Wills, Trusts & Estates Prof Blog

Editor: Gerry W. Beyer
Texas Tech Univ. School of Law

Thursday, September 13, 2007

Dead People With Guns

One of the growing estate planning niches is preparing for the death of gun owners and handling the estates of gun owners.

Here are two sites which have detailed information about the issues and the solutions:

  • Neil E. Hendershot, "I bequeath my machine gun to . . ." , PA Elder, Estate & Fiduciary Law Blog, Sept. 12, 2007:
       
    What does an attorney do when, after an elderly person dies, a search of the home reveals a gun?  This issue faces estate attorneys quite frequently, especially in pro-gun states, such as Pennsylvania.  Most attorneys, even those not proficient in firearms law or firearms in general, will properly handle the transfer of a typical firearm.  What does an attorney do when the search reveals an automatic weapon -- essentially, a "machine gun" (or "machinegun" under federal law)?
       
    Uncertainty in proper disposition of such a firearm could lead to one’s client being convicted of possession of an unregistered firearm, punishable by up to 10 years, $250,000 in fines and the forfeiture of the weapon and any “vessel, vehicle, or aircraft” used to conceal or convey the firearm.
       
  • David M. Goldman, Florida Gun Trusts or National Firearms Trust , Florida Estate Planning Lawyer Blog, July 30, 2007 & Wood, Atter, & Associates, National Firearms Gun Trust:
       

    Although most Florida Revocable Trusts can hold firearms, many are not setup properly to deal with the special issues involving items regulated by the National Firearms Act (NFA).  When the NFA is violated, the individuals who violate the act are subject to substantial fines, criminal charges, and forfeiture of all weapons (not just those regulated).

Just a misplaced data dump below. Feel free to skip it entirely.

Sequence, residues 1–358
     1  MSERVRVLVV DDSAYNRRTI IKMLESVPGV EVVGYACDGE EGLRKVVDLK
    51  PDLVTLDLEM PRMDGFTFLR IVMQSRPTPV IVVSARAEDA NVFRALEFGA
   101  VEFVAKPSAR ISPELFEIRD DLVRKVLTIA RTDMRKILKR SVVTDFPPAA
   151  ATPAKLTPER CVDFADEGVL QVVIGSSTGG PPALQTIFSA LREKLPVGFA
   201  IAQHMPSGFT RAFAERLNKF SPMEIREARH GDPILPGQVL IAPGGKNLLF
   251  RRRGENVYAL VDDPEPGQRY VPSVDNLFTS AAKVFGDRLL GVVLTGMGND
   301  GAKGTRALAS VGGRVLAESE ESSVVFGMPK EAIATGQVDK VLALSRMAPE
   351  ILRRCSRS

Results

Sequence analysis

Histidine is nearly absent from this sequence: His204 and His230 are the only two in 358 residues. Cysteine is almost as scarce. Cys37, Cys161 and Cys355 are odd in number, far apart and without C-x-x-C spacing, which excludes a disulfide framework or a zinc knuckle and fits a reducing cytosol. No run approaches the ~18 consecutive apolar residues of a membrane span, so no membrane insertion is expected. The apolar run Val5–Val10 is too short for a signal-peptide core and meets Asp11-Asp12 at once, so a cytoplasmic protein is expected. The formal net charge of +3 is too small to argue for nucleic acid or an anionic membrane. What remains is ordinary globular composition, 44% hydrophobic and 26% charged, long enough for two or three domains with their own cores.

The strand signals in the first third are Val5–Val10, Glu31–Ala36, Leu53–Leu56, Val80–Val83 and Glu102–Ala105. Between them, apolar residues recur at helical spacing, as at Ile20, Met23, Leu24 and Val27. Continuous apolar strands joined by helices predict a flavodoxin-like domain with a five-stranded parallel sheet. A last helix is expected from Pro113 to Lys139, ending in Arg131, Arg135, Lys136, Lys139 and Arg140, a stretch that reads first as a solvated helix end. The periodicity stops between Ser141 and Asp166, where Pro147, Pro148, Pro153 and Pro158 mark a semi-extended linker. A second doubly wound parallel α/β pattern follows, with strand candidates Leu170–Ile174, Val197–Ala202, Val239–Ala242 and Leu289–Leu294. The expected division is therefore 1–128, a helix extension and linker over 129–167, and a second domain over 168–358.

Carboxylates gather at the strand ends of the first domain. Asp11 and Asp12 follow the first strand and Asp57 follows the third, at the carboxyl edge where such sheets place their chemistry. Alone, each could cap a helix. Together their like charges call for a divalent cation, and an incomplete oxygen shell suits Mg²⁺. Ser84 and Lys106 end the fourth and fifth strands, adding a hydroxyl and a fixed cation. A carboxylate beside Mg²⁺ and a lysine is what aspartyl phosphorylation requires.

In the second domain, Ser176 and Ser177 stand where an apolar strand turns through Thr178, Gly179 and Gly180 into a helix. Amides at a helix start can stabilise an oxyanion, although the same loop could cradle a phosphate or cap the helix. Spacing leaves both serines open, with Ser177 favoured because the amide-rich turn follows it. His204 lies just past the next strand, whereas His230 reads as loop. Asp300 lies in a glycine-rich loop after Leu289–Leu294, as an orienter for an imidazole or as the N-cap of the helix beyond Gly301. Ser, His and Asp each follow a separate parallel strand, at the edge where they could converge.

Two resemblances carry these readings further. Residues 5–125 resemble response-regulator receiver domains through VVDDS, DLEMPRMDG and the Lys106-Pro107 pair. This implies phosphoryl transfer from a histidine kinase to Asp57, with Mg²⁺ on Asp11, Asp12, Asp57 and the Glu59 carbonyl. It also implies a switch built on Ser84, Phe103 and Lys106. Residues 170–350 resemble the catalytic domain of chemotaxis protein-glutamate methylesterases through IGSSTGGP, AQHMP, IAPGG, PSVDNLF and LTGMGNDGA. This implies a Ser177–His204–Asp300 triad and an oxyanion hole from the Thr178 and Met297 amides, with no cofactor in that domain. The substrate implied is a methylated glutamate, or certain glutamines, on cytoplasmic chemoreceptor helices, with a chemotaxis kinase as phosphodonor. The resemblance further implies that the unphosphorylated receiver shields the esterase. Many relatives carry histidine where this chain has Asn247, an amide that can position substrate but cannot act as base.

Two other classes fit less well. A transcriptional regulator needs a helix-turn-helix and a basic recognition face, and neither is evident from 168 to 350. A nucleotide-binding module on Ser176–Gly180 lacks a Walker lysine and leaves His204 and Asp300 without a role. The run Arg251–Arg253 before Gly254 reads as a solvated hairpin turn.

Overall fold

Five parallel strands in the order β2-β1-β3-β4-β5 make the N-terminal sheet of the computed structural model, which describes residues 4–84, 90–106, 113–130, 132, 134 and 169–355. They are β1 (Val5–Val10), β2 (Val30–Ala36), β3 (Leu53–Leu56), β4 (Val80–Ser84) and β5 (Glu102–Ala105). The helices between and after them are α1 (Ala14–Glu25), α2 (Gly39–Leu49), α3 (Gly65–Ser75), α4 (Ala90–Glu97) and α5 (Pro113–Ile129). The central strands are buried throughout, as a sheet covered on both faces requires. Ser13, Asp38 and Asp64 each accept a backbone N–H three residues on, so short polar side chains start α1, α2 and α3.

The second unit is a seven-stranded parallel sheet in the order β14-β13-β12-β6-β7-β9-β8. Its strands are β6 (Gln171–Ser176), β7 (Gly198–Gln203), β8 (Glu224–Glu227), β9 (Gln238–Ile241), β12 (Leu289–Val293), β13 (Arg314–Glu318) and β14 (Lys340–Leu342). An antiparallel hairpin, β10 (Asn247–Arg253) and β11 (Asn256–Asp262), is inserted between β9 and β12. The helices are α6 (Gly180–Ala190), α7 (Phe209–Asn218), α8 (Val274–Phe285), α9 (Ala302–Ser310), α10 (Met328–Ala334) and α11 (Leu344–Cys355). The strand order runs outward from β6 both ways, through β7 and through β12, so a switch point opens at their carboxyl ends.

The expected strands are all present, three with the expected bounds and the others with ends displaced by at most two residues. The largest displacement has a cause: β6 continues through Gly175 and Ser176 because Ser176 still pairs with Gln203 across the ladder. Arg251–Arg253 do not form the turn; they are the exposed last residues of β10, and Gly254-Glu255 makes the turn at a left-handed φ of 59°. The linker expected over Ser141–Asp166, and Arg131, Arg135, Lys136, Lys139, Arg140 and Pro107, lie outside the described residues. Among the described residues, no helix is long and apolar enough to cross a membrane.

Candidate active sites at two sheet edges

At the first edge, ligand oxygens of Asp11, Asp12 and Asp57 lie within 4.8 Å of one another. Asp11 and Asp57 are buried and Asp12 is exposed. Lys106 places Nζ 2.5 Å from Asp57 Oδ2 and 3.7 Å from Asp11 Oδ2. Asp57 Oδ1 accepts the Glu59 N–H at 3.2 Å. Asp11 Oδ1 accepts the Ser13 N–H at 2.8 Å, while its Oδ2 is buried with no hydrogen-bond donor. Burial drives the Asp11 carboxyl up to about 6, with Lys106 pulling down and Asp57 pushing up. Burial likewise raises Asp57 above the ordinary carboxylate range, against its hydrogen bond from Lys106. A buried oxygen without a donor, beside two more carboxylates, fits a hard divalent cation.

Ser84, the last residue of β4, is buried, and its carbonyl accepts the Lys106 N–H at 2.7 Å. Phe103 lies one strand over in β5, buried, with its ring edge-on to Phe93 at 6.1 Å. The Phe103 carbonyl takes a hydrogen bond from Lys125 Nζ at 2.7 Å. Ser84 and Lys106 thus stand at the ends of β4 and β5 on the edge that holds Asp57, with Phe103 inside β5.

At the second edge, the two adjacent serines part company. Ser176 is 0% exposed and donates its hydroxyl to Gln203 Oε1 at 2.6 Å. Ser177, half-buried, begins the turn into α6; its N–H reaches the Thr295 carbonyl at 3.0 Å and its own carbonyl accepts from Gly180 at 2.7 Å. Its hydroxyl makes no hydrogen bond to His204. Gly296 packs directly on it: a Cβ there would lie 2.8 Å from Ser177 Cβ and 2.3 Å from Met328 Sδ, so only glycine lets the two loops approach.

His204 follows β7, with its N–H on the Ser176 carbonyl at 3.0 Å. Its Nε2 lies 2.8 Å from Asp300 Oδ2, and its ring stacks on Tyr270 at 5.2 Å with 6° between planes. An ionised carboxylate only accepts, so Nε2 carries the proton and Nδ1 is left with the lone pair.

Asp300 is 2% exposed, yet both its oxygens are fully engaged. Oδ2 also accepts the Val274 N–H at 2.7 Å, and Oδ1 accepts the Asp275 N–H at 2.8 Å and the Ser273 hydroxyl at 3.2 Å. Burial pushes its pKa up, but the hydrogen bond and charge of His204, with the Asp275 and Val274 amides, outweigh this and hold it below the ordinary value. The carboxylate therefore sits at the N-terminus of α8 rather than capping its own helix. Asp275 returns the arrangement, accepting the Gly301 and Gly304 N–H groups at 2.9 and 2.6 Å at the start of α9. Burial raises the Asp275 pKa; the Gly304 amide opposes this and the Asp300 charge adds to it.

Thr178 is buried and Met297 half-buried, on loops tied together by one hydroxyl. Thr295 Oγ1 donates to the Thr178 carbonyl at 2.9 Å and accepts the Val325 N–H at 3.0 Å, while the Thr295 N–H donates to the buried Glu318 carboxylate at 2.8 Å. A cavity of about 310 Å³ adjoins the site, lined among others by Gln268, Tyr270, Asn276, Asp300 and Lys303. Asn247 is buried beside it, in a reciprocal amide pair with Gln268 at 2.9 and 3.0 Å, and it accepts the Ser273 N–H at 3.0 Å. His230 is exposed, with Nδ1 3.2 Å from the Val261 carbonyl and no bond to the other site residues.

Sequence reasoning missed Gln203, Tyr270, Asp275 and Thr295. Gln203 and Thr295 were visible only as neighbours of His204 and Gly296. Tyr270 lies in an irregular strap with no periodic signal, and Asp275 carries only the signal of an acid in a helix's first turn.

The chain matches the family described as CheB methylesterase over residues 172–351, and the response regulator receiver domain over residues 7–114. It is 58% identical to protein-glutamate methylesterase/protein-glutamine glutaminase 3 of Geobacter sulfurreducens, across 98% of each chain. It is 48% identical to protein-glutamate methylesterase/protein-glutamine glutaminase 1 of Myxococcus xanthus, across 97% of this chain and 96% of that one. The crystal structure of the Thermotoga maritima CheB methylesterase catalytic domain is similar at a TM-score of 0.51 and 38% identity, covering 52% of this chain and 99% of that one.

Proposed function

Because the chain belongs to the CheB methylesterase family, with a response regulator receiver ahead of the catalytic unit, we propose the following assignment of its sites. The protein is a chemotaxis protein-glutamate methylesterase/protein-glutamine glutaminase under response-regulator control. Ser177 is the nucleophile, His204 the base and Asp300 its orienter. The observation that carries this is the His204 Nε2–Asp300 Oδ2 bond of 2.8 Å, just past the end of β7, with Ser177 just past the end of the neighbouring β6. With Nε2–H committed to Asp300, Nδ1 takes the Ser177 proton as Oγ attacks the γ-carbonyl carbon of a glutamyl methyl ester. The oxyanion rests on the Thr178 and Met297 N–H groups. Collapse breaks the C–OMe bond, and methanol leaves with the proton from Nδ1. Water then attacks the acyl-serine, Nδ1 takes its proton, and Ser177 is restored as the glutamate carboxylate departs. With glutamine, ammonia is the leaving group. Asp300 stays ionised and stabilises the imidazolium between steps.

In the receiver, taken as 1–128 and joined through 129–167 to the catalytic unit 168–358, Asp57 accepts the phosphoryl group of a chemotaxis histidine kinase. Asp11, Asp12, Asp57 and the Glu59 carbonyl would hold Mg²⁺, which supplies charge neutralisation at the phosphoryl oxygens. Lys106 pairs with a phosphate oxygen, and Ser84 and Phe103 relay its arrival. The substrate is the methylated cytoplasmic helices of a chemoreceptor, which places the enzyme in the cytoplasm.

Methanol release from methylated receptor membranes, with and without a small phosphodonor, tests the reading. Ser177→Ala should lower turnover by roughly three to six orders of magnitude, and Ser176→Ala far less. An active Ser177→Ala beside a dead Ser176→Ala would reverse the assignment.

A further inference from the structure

In addition the trust must deal give the Trustee special powers and instructions on how to deal with unplanned events.  Assets in a Firearms Trust can not be distributed like other assets upon the incapacity or death of the Grantor or Settlor.
       
    Although most Florida Revocable Trusts can hold firearms, many of these trusts are not properly written to deal with the special issues involving items regulated by the National Firearms Act (NFA).  When the NFA is violated, the individual, who violates the act is subject to substantial fines, criminal charges, and forfeiture of all weapons (not just those regulated).
       
    A properly prepared Gun Trust also contains provisions dealing with death, incapacity, and transfer of the firearm.   Assets in a Gun Trust cannot be distributed like other assets upon the incapacity or death of the Grantor or Settlor of the trust.

https://lawprofessors.typepad.com/trusts_estates_prof/2007/09/dead-people-wit.html

Estate Administration, Estate Planning - Generally, Trusts, Wills | Permalink

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Comments

Help! Looking for an attoney to create an NFA Trust for me in Ohio to avoid some the issues you have presented here. Thanks

Posted by: Jeff | Sep 30, 2007 6:42:15 PM

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